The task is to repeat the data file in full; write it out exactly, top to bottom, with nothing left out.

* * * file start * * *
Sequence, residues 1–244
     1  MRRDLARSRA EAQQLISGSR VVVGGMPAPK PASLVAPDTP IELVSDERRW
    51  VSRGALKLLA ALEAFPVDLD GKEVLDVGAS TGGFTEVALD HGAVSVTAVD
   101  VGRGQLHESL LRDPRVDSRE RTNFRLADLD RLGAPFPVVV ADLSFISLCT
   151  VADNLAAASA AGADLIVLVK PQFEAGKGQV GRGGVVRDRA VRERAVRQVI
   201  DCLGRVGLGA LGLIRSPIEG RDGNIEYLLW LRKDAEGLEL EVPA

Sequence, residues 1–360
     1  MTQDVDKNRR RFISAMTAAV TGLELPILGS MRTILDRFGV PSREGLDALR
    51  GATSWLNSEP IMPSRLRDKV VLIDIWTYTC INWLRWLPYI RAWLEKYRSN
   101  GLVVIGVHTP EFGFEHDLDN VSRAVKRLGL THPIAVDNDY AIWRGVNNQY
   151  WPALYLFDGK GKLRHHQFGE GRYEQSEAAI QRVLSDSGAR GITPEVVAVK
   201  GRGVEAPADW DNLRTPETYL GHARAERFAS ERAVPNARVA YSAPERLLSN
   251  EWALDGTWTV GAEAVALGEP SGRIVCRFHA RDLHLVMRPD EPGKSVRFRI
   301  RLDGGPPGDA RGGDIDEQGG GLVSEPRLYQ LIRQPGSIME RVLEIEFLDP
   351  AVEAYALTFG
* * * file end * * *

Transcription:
Sequence, residues 1–244
     1  MRRDLARSRA EAQQLISGSR VVVGGMPAPK PASLVAPDTP IELVSDERRW
    51  VSRGALKLLA ALEAFPVDLD GKEVLDVGAS TGGFTEVALD HGAVSVTAVD
   101  VGRGQLHESL LRDPRVDSRE RTNFRLADLD RLGAPFPVVV ADLSFISLCT
   151  VADNLAAASA AGADLIVLVK PQFEAGKGQV GRGGVVRDRA VRERAVRQVI
   201  DCLGRVGLGA LGLIRSPIEG RDGNIEYLLW LRKDAEGLEL EVPA

Sequence, residues 1–360
     1  MTQDVDKNRR RFISAMTAAV TGLELPILGS MRTILDRFGV PSREGLDALR
    51  GATSWLNSEP IMPSRLRDKV VLIDIWTYTC INWLRWLPYI RAWLEKYRSN
   101  GLVVIGVHTP EFGFEHDLDN VSRAVKRLGL THPIAVDNDY AIWRGVNNQY
   151  WPALYLFDGK GKLRHHQFGE GRYEQSEAAI QRVLSDSGAR GITPEVVAVK
   201  GRGVEAPADW DNLRTPETYL GHARAERFAS ERAVPNARVA YSAPERLLSN
   251  EWALDGTWTV GAEAVALGEP SGRIVCRFHA RDLHLVMRPD EPGKSVRFRI
   301  RLDGGPPGDA RGGDIDEQGG GLVSEPRLYQ LIRQPGSIME RVLEIEFLDP
   351  AVEAYALTFG